Our family was fortunate to have a firsthand understanding of the tremendous opportunities presented to those who pursue and earn career certifications. This is because I founded and served as Principal of a CTE focused, early college charter school (careerpathhigh.org). Armed with knowledge, my daughter chose to pursue a Certified Nurse Assistant (CNA) pathway. A very positive change occurred in her learning engagement at that point. A light was ignited! She transitioned from passive learner, where the education happens to you, to becoming an active participant in her learning, taking control of where she wanted her education to lead her. She successfully acquired her certification, earning college credits to boot. What she gained from participating in a CTE program, she was unable to obtain from any other secondary curricular experience available to her.

While I am certainly proud of her traditional AP and concurrent enrollment accomplishments, I am most proud of her achievement in earning her industry aligned CNA certification. Here are 5 game-changing reasons why.

  1. Empowered Over Learning Pathway: My daughter was in control of choosing a pathway directly tied to her college and career goals. In addition, her pathway opened a door to one of her passions, caring for the elderly. She was now able to do something she loved through a skilled occupation.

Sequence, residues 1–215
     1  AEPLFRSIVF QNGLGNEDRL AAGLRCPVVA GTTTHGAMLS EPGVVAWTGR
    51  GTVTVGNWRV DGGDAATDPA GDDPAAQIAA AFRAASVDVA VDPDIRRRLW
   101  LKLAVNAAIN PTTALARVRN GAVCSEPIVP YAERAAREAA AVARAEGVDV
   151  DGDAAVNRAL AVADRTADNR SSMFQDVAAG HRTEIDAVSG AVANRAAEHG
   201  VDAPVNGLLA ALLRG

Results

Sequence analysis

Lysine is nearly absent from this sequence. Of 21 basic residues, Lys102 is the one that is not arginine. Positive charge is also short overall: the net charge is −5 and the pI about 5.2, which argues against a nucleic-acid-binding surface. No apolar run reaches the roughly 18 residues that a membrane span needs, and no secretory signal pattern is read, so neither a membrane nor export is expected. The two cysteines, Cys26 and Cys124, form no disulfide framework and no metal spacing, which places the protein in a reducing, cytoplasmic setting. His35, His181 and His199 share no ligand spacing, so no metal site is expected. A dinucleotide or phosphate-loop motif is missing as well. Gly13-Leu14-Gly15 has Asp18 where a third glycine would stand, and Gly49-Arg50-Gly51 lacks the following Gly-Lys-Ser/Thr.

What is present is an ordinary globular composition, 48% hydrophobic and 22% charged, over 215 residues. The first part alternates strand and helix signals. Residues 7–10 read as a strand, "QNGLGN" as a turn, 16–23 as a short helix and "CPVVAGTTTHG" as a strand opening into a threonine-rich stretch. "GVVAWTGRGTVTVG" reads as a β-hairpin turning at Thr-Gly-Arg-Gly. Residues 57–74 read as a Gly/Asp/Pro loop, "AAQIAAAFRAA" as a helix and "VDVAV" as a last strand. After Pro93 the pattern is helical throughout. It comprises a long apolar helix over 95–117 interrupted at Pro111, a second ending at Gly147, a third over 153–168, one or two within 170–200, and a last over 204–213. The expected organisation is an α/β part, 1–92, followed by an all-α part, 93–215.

2. Ignited Passion For Learning: My daughter found daily joy learning new skills in a college-style environment. She had a desire to be there. What was being taught had a relevant connection to her future, thus elevating her sense of engagement as well as her sense of accomplishment.
  3. Hands-on Experience: Clinicals (CNAs equivalent of an internship) provided superior training, mutually beneficial to both my daughter and the hosting medical facility. The daily skills training, unlike traditional high school classes, required mastery and provided her with real-world experience. Ultimately, it was the hands-on experience of the CNA program that most directly influenced her decision to enter the medical field and pursue a nursing degree.
  4. College Readiness: My daughter is better prepared for college. She received access to the skills and knowledge needed for academic success. Having a CTE opportunity in high school provided her with valuable career exploration prior to entering college. There is no substitute for actual experience to help students discover firsthand whether or not they are interested in or well-suited for a particular career field.
  5. Career Readiness: A focused, customized approach prepared her with employable skills right out of high school. Armed with an industry aligned certification in a high demand field, she had more job opportunities and was able to command a much higher wage than her peers. She literally had her pick of where to work, receiving multiple job offers on the spot!